To assume that homosexuals are sexual predators and incapable of establishing lasting, loving relationships is akin to making the assumption that marriages are made in heaven.
The enlightened ones know that sexual orientation goes beyond sex, as it involves not only the physical self but also the heart, mind and soul. Sexual orientation includes the intimate associations that individuals form and that can help give meaning and richness to life.
To consistently and categorically deny the basic civil rights of lesbians and gays sends the message that the lives of homosexuals are less valuable than that of heterosexuals.
When someone like Ouyang reveals his sexual orientation, it might draw unwanted reaction. But for the less exposed, 'coming out' is more than an acknowledgment - it is acceptance of one's fundamental worth or announcement of one's sexual identity.
'Coming out' represents an act of compassion towards oneself, a compassion sadly never shown by one's own family and friends, let alone society.
Lesbians and gay men must think about family, morality, nature, choice, freedom and responsibility in ways that most people do not have to. Prejudice may remain but once homosexuals find their authentic self, they will not want to lose it under any circumstances.
It is necessary to repeat that what lesbians and gays seek is not new, special or privileged rights but rather the extension of existing rights guaranteed to all citizens by a nation's constitution.
Honour gay existence
The lesbians and gay community comprises women and men who have arrived, by very different paths, at the same self-knowledge. The feelings that prompt ordinary people to go against the grain of convention and love members of their own gender and honour those feelings are different for every person.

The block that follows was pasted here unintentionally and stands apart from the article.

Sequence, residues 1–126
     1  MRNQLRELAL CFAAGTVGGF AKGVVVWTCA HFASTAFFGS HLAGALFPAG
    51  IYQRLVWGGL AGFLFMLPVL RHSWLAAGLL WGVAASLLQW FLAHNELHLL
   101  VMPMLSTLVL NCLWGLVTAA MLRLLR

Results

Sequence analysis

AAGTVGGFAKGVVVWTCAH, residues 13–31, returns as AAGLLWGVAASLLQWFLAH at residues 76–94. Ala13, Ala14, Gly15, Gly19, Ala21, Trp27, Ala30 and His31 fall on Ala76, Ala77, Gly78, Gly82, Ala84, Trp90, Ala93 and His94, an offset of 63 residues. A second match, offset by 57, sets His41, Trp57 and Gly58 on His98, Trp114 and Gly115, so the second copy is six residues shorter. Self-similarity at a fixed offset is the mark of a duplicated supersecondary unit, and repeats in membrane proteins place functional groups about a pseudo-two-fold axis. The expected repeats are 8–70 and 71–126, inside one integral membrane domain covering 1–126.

And unlike heterosexual individuals who hardly have to think about the fundamental ground of privacy - because it is already secure for them - homosexuals find themselves deprived of privacy.
Privacy means that people make choices other people must learn to respect. No government has any business meddling with the choices that lesbians and gays make to express their sexual orientation.
Until and unless such privacy is accorded to homosexuals, they will remain a group bereft of just protection as provided by the law. By extension, lesbians and gays will always be one step behind in accessing the privileges of citizenship.
The Serenity Prayer comes to mind, when one looks at the myriad challenges that lesbians and gays face. It should bring much-needed hope and courage for those sailing rough seas:
God, grant me the serenity to accept the things I cannot change, courage to change the things I can; and the wisdom to know the difference. Living one day at a time; enjoying one moment at a time, accepting hardship as the pathway to peace.
Taking, as He did, this sinful world as it is, not as I would have it,
Trusting that He will make all things right, if I surrender to His will;
That I may be reasonably happy in this life,
And supremely happy with Him forever in the next.
JJ RAY started her career with a mainstream publication. A non-conformist, she soon saw the barriers that went up whenever, through her writing, she tried to make the world a home for one and all.